Sometimes you know a film’s quality simply by the way it seems to single-handedly resurrect a particular sub-genre. Case in point: Roschdy Zem’s Omar Killed Me (2011), the kind of unjustly-accused courtroom drama that most of the time seems to spill over into predictable, trite, message-movie territory. There are some very notable exceptions (Breaker Morant, To Kill a Mockingbird, and Billy Budd come to mind), but part of the reason they work is that they are about so much more than an earnest plea for justice. Using an interesting narrative structure that is never tricky for its own sake, the film follows two protagonists and chronicles two different timelines.
The title character, gardener and Moroccan émigré Omar Raddad, received an eighteen-year sentence in 1994 for the murder of his wealthy employer. Although one of the biggest legal sensations in recent French history, Raddad’s story only belatedly caught the attention of author Pierre-Emmanuel Vaugrenard (he’s careful not to call himself a ‘journalist’). The film’s other protagonist, he’s played with a compelling mix of the dynamic and the cerebral by Denis Podalydès – he’s a crusader all right, but he never comes across as strident, or even self-righteous. Still, as if keenly aware of the kind of simple-minded and familiar anti-racist polemic the film might become, the script has Vaugrenard’s editor telling him, upon green-lighting an investigative book on Raddad, “Saving a Muslim could sell.”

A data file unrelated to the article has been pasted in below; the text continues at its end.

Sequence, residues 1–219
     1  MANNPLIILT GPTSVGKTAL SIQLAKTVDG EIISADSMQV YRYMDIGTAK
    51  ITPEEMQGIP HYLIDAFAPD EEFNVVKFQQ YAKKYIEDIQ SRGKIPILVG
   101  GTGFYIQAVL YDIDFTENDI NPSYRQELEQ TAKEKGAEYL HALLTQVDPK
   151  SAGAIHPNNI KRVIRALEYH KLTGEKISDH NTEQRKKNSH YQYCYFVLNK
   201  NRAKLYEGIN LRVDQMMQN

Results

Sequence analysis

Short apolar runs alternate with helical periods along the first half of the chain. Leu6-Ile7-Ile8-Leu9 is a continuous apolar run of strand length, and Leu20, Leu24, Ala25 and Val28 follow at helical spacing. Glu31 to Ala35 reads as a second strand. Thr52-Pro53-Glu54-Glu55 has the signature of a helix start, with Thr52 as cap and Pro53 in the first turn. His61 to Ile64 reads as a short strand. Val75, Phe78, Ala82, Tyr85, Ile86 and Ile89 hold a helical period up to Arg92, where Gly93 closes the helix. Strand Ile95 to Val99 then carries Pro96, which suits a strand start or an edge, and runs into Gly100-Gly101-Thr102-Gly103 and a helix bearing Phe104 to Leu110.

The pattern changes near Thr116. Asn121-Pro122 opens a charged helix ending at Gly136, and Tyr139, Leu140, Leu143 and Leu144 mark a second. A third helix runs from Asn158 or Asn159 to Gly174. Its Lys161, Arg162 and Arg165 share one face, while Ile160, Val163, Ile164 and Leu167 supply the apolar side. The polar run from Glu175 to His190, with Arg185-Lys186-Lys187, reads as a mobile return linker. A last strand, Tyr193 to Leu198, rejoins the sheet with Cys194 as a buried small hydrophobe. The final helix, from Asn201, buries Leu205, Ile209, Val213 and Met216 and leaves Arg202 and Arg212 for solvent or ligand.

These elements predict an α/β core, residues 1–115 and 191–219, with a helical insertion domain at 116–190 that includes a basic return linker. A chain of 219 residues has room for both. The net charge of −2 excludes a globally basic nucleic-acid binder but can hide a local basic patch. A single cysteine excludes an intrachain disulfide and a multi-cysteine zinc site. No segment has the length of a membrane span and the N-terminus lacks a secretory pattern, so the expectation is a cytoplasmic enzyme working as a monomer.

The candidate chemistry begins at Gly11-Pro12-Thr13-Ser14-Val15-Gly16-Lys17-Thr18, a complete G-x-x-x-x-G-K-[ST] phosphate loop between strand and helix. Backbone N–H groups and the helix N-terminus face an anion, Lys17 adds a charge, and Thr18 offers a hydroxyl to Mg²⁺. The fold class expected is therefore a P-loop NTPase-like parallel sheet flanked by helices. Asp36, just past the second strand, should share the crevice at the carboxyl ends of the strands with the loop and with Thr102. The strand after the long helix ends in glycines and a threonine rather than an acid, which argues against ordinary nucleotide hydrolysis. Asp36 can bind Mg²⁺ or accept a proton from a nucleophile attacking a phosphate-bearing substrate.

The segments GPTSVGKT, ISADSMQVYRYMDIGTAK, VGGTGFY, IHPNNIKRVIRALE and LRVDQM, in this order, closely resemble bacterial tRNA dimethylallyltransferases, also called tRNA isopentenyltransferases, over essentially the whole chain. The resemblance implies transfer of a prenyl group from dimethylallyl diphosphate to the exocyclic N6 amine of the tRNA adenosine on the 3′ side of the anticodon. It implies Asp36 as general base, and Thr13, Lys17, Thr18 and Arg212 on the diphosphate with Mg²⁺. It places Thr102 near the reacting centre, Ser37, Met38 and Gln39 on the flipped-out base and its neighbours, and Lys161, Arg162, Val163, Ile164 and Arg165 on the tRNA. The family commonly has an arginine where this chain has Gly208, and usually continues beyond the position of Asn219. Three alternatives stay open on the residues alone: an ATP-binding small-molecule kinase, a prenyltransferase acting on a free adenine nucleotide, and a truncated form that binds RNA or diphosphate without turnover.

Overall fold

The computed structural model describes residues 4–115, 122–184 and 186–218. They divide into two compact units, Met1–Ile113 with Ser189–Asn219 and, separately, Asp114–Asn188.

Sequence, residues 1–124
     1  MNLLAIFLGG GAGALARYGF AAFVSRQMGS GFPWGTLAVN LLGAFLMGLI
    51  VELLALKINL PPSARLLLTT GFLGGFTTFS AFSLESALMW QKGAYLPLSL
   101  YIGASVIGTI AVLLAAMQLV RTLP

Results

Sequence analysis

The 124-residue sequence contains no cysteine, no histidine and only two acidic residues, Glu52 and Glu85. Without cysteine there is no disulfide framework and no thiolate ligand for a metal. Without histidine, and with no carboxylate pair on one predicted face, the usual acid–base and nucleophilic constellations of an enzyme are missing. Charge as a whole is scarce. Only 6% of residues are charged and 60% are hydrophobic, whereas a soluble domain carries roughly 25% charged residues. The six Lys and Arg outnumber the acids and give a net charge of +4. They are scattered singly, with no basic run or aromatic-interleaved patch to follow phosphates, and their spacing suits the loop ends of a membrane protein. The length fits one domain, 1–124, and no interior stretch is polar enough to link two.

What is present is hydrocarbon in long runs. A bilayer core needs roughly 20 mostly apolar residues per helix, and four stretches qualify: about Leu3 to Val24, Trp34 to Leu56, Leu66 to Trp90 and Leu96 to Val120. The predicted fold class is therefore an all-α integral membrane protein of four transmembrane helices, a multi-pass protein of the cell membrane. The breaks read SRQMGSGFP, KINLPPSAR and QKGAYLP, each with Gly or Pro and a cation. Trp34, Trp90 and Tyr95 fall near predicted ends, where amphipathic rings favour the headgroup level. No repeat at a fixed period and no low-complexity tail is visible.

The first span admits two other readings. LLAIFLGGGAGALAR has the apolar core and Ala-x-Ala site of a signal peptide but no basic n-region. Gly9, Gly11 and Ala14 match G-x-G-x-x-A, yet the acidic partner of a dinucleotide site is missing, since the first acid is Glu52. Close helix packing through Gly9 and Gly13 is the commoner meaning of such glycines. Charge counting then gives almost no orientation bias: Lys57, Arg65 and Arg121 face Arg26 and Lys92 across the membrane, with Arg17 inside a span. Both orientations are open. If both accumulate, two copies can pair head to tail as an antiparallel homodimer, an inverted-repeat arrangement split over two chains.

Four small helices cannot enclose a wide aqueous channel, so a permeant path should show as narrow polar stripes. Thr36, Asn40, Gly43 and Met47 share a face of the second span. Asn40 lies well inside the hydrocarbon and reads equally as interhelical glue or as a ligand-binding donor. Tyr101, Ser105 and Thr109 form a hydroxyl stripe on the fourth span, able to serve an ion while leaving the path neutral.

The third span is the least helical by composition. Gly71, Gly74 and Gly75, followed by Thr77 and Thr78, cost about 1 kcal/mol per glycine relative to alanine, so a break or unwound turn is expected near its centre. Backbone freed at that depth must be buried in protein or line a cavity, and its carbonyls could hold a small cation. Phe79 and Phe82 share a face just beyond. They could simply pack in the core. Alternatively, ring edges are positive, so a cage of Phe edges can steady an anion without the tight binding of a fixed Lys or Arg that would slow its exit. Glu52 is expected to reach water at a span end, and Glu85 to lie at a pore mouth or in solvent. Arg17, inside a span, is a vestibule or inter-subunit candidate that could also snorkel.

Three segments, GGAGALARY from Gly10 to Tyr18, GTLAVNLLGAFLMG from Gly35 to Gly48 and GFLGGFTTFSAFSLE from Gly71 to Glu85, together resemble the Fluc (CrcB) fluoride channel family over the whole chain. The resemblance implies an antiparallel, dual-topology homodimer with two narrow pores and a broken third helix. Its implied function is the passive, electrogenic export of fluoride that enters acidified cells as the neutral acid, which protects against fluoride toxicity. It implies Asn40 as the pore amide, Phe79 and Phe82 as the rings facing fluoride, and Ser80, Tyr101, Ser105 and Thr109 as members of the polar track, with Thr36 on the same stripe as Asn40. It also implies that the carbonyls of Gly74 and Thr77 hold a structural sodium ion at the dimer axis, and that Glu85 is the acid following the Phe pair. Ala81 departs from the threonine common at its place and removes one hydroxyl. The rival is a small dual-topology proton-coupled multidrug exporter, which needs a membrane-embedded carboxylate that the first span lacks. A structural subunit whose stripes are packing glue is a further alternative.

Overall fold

Zem, an accomplished actor whom many of us probably caught as recently as 2010’s Point Blank, does a terrific job with the cast, but it’s really his storytelling that’s so impressive. Despite featuring lots of talking, Omar Killed Me never gets talky. Instead, it simply plays out like a compelling murder mystery. After all, how could one hope to defend someone who’s apparently accused – in a message left in her own blood, no less – by the victim herself? Still, some might be disappointed by the script’s avoidance of definitively identifying an alternate killer. But remember, this is based upon a true story, so finger-pointing that can’t be backed up but which motivates the audience’s indignation…that might start to reek of Hollywood product.
Indeed, the fact that there’s no single ‘bad guy’ is what makes Omar Killed Me work so well as a critique on a socio-political level. There are some fishy coroners, but we never confront them directly. There’s also a suspicious maid with an ex-con boyfriend, but he too remains off-screen. It’s these sorts of ambiguities and elliptical plot threads that flatter the audience’s intelligence yet never leave one feeling dissatisfied. That’s because Zem doesn’t position Omar Killed Me as the legal equivalent of a sports film, the kind where everything is clear-cut and you’re supposed to rise to your feet in feel-good exhilaration just moments before the closing credits.
Even the film’s most joyous moment, which involves Omar and his youngest son, is devastatingly undercut a minute later in a manner so simple and so powerful that you won’t soon forget it – which pretty much sums up Omar Killed Me as a whole. Without a question one of the highlights of this year’s New Directors/New Films festival.
Omar Killed Me screens at this year’s ND/NF on 24 March. For more info, visit newdirectors.org.
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